I feel like I should have some sort of rousing conclusion for this, but every line of thought leads to more questions than answers. I guess this is a sort of mental milestone, a place I’ll revisit at some time in the future when some of the fog clears.

Not Just Ice Cores, Here Is A Dead Sea Salt Core

Under the Dead Sea, warnings of dire drought jumped right at me off the Phys page.

Dead Sea Salt Core

Dead Sea Salt Core: below the seabed, drilling revealed thick layers of salt, precipitated out during past warm, dry periods. In this specimen, transparent crystals (left) formed on what was then the bottom during winter; finer white ones (right) formed on the water surface in summer and later sank. Credit: Yael Kiro/Lamont-Doherty Earth Observatory

The salt core was drilled in 2010 and is now receiving renewed, deeper scrutiny. During interstadial periods the Mideast becomes drier, so much so that inflows of fresh water into the Dead Sea largely stop. We’re not that dry yet, but human use of the Jordan River has effectively accomplished the same thing.

Jordan is developing the Disi aquifer and there is a Red to Dead canal planned.  The Saudis have long tapped that water for local agriculture in a foolhardy bid for food security that runs counter to the natural resources they have at their command. Jordan is engaged in a rear guard action for land that will inevitably become desiccated.

 

This triptych gives as sense of the progression of events in the Dead Sea. The south of the sea is shallow and has been steadily overtaken by human construction. Current practices involve the annual removal of two million tons of potash (potassium chloride) and other salts. You should recognize potash as a precursor for one of the three key plant fertilizers, potassium. It is the least concern of the three in terms of being a Liebig Minimum.

Dead Sea Salt & Potash Production

Dead Sea Salt & Potash Production

 

Bodies of water in the area drain and fill naturally as a consequence of Earth’s glacial cycles. There is a somewhat controversial theory, the Black Sea Deluge Hypothesis, that is thought to be an explanation of the origin of various great flood myths in the region.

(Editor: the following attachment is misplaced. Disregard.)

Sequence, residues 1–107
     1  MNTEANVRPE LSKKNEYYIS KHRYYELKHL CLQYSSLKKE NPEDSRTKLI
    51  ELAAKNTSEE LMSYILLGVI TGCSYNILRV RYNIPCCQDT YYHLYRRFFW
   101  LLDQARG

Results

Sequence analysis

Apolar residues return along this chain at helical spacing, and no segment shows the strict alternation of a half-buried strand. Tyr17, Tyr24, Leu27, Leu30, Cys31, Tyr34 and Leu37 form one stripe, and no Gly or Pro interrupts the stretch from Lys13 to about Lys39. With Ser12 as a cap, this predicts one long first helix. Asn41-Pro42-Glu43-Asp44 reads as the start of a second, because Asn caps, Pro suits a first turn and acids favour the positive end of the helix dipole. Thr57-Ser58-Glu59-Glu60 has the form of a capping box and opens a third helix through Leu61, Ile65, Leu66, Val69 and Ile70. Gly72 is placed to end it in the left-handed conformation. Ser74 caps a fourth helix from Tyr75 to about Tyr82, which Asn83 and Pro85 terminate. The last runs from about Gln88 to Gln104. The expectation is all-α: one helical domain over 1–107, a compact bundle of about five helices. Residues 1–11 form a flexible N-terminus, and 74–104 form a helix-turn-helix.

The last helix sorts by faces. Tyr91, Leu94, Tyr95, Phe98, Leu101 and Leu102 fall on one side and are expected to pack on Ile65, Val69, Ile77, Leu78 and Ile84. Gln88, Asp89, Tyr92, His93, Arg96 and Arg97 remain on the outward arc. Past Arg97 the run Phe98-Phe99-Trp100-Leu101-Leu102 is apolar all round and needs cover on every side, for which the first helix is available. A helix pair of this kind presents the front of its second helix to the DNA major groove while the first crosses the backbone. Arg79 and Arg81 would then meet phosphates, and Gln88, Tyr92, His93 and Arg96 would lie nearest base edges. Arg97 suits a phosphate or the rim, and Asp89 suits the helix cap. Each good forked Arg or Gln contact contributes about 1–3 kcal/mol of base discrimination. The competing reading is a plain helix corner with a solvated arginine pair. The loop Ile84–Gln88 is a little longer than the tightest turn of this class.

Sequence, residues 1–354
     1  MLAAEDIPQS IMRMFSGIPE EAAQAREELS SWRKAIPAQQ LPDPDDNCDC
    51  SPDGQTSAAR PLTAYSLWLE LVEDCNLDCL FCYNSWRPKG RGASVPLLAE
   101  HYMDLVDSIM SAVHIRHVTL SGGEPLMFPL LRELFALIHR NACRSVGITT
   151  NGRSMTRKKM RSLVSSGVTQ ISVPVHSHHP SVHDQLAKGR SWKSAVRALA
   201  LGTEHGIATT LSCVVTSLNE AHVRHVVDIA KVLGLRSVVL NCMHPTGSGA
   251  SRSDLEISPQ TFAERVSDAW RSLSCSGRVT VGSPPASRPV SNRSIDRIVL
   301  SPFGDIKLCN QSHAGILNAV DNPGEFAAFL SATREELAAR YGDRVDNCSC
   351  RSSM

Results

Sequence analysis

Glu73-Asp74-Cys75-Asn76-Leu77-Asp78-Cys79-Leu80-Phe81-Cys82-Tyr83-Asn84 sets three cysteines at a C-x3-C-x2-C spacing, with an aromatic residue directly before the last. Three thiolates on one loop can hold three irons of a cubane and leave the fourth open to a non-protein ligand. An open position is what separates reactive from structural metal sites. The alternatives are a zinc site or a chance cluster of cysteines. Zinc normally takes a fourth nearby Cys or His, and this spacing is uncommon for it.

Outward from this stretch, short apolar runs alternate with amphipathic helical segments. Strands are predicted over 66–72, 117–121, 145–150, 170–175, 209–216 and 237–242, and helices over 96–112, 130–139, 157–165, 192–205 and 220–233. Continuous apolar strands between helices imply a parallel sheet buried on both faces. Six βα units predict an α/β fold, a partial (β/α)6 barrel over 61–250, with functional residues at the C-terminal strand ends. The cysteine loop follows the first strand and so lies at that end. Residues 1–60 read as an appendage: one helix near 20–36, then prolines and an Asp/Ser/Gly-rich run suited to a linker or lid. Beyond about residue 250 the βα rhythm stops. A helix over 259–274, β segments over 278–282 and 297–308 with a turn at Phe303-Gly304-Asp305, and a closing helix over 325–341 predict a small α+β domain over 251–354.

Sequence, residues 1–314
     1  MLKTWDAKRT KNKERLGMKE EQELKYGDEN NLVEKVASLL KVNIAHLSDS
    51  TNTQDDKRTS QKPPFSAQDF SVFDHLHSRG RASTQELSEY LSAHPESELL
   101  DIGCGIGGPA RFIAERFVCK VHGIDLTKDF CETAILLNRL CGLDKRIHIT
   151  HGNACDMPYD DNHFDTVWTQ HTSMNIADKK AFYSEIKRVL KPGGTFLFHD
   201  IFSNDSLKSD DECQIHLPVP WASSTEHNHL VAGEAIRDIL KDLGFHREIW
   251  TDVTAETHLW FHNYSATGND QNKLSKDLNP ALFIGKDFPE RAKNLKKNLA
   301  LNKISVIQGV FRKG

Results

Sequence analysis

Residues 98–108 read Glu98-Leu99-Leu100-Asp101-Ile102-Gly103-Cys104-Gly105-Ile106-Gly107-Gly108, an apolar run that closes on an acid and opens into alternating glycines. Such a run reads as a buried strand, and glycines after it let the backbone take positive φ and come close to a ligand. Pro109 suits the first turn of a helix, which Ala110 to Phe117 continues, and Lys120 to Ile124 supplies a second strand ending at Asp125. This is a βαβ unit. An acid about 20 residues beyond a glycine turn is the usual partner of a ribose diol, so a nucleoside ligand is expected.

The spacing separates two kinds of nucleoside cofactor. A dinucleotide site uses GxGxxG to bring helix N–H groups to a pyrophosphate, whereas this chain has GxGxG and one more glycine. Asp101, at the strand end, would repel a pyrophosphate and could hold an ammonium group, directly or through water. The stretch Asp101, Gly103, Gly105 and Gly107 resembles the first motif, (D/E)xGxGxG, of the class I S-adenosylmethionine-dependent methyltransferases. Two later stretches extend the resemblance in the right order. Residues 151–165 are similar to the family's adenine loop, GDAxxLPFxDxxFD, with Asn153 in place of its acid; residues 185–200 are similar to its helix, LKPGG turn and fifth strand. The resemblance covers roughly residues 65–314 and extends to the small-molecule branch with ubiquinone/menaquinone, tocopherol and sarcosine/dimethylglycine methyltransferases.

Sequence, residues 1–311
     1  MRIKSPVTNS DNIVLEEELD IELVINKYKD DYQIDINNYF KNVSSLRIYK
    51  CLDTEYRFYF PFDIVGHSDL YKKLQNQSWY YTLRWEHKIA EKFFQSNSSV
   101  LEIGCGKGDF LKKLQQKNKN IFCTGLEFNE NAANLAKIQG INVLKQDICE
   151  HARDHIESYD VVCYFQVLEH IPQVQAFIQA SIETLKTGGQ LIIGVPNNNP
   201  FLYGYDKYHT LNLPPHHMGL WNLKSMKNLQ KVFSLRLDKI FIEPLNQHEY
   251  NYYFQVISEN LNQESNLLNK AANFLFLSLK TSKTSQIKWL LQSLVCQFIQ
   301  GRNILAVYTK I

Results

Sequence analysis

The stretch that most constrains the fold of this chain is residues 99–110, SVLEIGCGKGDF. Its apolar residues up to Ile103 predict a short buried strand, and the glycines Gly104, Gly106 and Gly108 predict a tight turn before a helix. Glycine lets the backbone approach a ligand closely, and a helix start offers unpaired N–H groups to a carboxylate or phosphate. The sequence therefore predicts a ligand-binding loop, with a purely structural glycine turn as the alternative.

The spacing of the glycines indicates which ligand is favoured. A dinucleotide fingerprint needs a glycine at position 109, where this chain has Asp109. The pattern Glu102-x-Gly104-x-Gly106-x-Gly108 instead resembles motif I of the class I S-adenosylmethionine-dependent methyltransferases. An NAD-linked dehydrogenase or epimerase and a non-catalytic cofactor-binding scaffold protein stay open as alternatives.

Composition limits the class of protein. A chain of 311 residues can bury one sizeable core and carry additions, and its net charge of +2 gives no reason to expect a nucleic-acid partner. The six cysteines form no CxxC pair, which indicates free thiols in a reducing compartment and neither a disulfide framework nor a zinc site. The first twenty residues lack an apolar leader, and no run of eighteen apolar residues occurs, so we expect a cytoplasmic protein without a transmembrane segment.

The Mediterranean Sea has experienced similar events – the Messinian Salinity Crisis and the Zanclean Flood that restored the sea to its current condition. There are cores from both the Black and Mediterranean seas, but they do not receive the same level of attention that ice cores do.

Four and a half years ago I published Why Gaza Is Screwed, a review of the water supply issues faced there. This is a ticking bomb for foreign policy, a pool of 1.6 million climate refugees just waiting to happen. The entire arc from West Africa to the Indus river valley faces this problem.

 

North of the Dead Sea is the Sea of Galilee, home to the Ohalo archeological site, which was occupied 8,000 years before North America’s Blackwater Draw. Humans hunted, gathered, and apparently performed early experiments with agriculture, inhabiting the site for a few generation before a fire of unknown origin leveled the simple huts. This site was revealed thanks to an epic drought in the late 20th century.

The Denisovans and Neanderthals were already gone except for their imprint on our genetics when that site was inhabited. Humans are now so pervasive and mobile that it will be difficult to track anything based on  genetics, but the Anthropocene is going to feature a massive cull of our species. What comes next? Maybe homo futurae, two thirds of our average height today, so they’ll tolerate the heat, digging into our species’ massive middens a hundred thousand years from now, wondering why we weren’t better at understanding our place in the web of life.

Record Heat Sans El Niño

The smallest posts on Phys.org are often the most terrifying.

Even without an El Nino warming the world’s waters, Earth in February sizzled to its second hottest temperature on record, behind only last year.

The National Oceanic and Atmospheric Administration calculated that February 2017 averaged 55.66 degrees (13.08 degrees Celsius). That’s 1.76 degrees (.98 degrees Celsius) warmer than the 20th century average.

It was also the second hottest winter in the on record. Records go back to 1880.

In the past, Earth doesn’t come near record heat if there’s no El Nino. This year it did—on every continent.

NOAA climate scientist Ahira Sanchez-Lugo called it clear evidence of .

She calculated that the rate of February warming since 1980 is twice as high as since 1880.